But, on a global scale, the Asian crisis highlighted some important issues for the international financial system, many related to the current progress on a new financial architecture. It emphasised that financial supervision and regulation in both debtor and creditor countries needed to be improved. And it exposed the shortcomings in the global financial intermediaries ’ risk management procedures.


In line with this, structural reforms were a key feature of the IMF programmes introduced in Asia to tackle the roots of the crisis. The heart of the structural reforms focused on the financial and corporate sectors. Individual institutions were dealt with through intensive corporate restructuring and restoring viable balance sheets, and the entire system had to be put on a sound footing, by improving financial supervision and regulation to minimise future problems of a similar nature.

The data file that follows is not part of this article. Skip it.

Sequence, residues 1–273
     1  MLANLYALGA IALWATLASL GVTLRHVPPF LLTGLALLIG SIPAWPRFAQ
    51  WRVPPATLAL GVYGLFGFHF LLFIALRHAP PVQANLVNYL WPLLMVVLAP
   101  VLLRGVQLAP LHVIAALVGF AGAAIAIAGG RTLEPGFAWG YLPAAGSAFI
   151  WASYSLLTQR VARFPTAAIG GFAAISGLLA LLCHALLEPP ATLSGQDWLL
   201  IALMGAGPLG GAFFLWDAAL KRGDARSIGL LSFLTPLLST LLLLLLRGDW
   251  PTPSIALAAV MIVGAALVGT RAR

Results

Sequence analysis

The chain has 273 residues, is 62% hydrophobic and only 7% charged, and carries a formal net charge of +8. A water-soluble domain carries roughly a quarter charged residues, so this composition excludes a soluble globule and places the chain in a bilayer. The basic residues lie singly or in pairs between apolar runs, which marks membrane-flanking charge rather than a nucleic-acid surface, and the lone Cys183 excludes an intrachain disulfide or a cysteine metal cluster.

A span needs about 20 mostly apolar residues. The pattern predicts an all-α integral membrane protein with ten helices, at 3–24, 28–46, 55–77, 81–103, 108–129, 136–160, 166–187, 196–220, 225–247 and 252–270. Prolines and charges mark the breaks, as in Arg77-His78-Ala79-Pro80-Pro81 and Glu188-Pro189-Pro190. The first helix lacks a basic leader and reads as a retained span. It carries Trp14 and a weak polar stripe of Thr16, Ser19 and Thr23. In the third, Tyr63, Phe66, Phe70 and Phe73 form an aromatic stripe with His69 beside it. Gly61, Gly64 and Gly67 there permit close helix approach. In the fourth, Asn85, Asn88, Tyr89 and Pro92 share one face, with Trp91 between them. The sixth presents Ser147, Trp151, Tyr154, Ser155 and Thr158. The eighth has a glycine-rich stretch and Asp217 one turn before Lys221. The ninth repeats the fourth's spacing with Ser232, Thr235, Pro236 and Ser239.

Despite the developments in the structural reform of the financial system in the wake of the crisis, the IMF continues to press ahead in this area. The Fund is driving continued efforts towards a legal commercial framework for the modern economy, which includes laws on bankruptcy and competition policy, the creation of institutions capable of enforcing these laws, and ensuring central bank independence. Recent studies on the policy reactions to such crises have shown that a "comprehensive approach, which addresses the stock and flow problems of weak institutions as well as the legal, regulatory and supervisory framework is critical to bolster confidence and ultimately restore the health of the system."1 And we should be mindful that very often the "devil is in the detail" and the capacity to implement corrective programmes after such crises often proves ineffective and slow.